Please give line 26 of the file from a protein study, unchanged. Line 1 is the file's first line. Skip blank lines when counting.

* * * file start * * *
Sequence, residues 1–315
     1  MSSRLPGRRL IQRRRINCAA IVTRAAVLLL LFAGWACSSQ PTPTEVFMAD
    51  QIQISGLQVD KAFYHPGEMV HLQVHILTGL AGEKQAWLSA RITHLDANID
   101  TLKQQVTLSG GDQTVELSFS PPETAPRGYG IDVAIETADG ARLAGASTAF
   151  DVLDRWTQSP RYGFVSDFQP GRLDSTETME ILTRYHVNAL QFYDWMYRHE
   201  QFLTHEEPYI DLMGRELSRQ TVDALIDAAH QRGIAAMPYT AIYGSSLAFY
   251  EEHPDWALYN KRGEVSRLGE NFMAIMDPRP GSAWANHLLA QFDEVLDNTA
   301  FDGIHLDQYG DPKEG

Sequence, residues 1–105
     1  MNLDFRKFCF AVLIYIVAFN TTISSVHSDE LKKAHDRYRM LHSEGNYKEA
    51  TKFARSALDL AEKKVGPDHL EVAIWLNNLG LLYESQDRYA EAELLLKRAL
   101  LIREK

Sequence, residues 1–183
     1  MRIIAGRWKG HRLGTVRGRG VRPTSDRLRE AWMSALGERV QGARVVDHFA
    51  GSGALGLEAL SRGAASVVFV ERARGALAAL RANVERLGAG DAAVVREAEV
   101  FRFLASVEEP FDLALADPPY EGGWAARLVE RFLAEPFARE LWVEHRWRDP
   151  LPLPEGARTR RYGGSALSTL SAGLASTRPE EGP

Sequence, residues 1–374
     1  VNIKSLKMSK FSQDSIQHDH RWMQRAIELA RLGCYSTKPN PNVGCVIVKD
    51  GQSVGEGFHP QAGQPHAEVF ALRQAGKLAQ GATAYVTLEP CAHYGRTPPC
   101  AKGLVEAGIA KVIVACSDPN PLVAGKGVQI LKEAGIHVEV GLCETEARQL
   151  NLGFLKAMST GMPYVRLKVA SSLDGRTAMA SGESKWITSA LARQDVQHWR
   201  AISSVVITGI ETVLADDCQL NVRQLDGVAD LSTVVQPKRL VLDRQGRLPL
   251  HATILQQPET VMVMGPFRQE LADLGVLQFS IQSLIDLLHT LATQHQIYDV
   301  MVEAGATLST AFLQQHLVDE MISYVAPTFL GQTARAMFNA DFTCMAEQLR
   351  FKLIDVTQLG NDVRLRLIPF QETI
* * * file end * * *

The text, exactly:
   351  FKLIDVTQLG NDVRLRLIPF QETI